June was his best month yet, as he set season-bests in K% (23.1) and GB% (58). If he can maintain those K% and GB% numbers from June, he'll soar up prospect lists even more.

House lacks a dependable third pitch, which is something he'll need as he moves up the ladder, but he has mid-rotation potential and is shaping up to be a wise investment.

Brett Hunter, RHP, Oakland Athletics

Hunter was seen as a potential first round pick early last year, but elbow probelms derailed his 2008 college season, and he slid to the seventh round. Despite the injury, Oakland signed Hunter for $1.1 million, a record for a seventh round pick.

"If he ends up being healthy, he'll be a great bargain. He's got a premium arm and was one of the premium picks in the draft, and we took him understanding he's not fully healthy right now," Oakland Athletics scouting director Eric Kubota told MLB.com last June.

Between a prototypical pitchers frame (six-foot-four, 215 pounds), a mid 90's fastball and a potentially plus curveball, Hunter was appealing on several fronts.

But he came with his share of negatives. Hunter was dealing with an elbow injury and had been criticized for questionable mechanics and iffy command, leading some to believe his future would be as a reliever.

Hunter has spent the year with Kane County of the Low-A Midwest League and has split time between relieving and starting. He's fanning 20.5% but is walking an alarmingly high 24.5%. He has handed out 51 free passes in 40.2 innings, a rate Steve Blass would be proud of. His velocity is down to 88-91 MPH and his mechanics and arm action remain major concerns.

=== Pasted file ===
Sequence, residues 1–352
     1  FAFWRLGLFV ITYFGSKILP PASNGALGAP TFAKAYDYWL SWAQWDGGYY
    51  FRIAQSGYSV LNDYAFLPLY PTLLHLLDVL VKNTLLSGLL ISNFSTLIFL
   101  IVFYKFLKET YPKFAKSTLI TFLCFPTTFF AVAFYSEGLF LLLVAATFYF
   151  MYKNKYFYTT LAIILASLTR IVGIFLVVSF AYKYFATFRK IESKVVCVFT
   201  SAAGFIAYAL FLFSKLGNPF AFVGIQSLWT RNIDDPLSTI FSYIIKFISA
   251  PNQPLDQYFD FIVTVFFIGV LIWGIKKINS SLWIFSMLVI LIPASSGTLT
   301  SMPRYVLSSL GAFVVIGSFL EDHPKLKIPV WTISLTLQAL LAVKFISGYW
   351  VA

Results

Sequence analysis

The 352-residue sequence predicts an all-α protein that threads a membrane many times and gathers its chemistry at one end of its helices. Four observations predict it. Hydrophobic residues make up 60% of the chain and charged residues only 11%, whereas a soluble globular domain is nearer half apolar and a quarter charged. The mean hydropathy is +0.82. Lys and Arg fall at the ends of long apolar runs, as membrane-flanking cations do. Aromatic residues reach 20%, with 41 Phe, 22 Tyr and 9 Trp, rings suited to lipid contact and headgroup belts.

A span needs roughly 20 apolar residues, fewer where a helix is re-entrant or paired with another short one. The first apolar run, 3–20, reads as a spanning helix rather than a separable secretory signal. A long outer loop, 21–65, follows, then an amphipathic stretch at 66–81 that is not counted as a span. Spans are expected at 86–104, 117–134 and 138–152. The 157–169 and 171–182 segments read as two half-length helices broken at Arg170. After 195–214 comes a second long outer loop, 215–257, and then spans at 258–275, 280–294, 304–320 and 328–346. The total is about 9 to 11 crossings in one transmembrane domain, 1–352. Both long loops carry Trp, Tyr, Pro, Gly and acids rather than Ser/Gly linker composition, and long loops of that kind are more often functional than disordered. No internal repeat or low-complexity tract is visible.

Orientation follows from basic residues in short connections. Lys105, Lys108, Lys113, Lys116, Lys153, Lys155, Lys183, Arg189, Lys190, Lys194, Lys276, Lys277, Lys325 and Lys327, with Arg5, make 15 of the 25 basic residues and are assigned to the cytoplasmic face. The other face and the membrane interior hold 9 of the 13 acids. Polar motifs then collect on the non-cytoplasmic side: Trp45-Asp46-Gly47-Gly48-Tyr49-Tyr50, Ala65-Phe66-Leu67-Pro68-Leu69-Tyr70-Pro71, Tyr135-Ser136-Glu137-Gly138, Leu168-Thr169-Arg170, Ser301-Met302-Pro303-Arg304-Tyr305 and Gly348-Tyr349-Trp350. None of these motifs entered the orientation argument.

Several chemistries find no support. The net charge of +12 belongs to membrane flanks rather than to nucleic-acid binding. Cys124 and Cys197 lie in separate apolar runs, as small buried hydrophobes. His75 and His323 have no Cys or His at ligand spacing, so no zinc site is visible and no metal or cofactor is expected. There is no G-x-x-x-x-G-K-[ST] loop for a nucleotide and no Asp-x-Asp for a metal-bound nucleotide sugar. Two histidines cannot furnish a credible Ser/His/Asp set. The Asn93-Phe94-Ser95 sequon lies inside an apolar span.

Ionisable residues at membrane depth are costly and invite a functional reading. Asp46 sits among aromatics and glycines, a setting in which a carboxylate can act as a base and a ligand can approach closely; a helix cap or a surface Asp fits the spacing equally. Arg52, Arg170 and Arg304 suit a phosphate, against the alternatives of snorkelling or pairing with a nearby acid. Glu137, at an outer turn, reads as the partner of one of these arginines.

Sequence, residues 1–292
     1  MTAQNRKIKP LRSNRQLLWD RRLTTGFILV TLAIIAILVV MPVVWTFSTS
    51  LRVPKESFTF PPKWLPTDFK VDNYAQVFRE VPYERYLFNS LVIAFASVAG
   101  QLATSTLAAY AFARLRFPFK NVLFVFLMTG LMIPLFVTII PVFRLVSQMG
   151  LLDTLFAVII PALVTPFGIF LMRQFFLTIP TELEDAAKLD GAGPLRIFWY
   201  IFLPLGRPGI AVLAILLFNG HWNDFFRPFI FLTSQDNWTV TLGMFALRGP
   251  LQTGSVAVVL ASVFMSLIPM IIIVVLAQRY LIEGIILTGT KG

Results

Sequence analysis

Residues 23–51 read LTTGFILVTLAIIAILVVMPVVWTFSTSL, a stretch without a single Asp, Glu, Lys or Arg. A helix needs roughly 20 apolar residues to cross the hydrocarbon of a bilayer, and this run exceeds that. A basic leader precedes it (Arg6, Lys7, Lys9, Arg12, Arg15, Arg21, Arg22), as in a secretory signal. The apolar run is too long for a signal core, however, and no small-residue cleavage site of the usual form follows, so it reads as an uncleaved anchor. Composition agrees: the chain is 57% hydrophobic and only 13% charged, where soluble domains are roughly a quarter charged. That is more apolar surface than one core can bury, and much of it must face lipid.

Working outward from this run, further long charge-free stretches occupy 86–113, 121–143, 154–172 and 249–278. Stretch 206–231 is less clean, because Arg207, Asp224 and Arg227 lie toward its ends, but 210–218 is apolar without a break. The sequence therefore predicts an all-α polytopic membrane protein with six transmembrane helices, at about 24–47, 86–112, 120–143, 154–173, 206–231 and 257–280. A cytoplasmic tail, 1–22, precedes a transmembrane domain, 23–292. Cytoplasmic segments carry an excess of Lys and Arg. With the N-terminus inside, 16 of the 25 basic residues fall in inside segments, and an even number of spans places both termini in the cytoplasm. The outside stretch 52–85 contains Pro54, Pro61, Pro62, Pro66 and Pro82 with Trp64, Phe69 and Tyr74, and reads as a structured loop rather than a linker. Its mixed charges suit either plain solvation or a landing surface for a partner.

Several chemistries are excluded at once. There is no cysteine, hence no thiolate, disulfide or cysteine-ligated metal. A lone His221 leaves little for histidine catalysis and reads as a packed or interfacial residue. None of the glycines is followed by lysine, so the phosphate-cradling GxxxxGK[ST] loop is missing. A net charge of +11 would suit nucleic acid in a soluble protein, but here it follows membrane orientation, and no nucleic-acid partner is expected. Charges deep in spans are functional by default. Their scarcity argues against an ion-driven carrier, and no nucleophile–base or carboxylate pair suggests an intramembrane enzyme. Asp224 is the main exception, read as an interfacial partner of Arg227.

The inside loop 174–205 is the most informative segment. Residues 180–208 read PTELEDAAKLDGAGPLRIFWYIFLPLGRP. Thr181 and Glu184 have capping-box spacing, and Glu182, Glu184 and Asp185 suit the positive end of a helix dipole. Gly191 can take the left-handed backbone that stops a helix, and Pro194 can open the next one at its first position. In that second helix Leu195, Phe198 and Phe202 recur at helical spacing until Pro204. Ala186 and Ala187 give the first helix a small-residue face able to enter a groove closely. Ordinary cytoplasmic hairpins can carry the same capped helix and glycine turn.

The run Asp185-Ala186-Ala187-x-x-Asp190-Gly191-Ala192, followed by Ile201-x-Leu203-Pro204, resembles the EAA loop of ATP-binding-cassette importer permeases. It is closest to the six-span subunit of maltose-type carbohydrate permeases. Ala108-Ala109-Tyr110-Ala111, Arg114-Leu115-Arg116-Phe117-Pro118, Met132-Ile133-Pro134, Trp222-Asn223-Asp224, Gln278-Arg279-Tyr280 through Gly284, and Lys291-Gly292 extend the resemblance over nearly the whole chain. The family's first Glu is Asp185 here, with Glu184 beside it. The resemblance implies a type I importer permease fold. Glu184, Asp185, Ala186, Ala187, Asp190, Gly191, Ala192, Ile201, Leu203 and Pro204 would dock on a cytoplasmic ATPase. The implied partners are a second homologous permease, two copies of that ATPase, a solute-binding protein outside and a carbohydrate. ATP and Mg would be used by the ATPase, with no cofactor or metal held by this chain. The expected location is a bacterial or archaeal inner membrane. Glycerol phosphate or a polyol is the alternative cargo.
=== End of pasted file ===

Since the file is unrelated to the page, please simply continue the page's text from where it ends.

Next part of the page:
"He's nowhere close to what scouts saw during his prime with Pepperdine and Team USA," wrote Baseball Prospectus' Kevin Goldstein, who saw Hunter pitch in May.

Hunter, who recently turned 22, has been a major letdown in his first full professional season. While you don't want to write anyone off too soon, Hunter may have too many red flags to overcome.

Robbie Grossman, OF, Pittsburgh Pirates

There was a time when Grossman was seen as a potential first rounder, but thanks to a commitment to The University of Texas and a subpar senior season, he tumbled to the sixth round.

He was still paid like a first rounder -- the Pirates signed him for $1,000,000 -- and that indicated a major organizational shift. In previous years, the Pirates were known for taking cheap, signable players at the expense of pure talent but the Grossman signing signaled a new direction.

Grossman, 19, signed too late to get more than a cup of coffee in the Gulf Coast League last summer and he was assigned to West Virginia of the Low-A South Atlantic League to start this year.

He has manged a BABIP of well over .400 through the first three months of the season, though his line drive rate has been sky high (27%) and it rose each month from April-June.

He's struck out too much (30.0%) and hasn't shown much power (.103 ISOP) but both marks improved in June. His K% last month was a season-low 23.9% and his June ISOP was a season-high .146. His walk rate (a solid 11.9%) has been steady and he's 23-for-28 in stolen bases.

Grossman is hard to get a read on right now. There is some potential, but we need more data. If one thing is certain, it was refreshing to see a small-market franchise like Pittsburgh put considerable financial resources into the draft. They set a franchise record by spending $9.8 million on draft bonuses last year.

Expect to see more players like these five this year -- prospects who fell due to signability, but still end up getting paid quite handsomely. The signing deadline is August 17th and many signings will likely come down to the final seconds. 


Contact Ryan Fay at rfay@projectprospect.com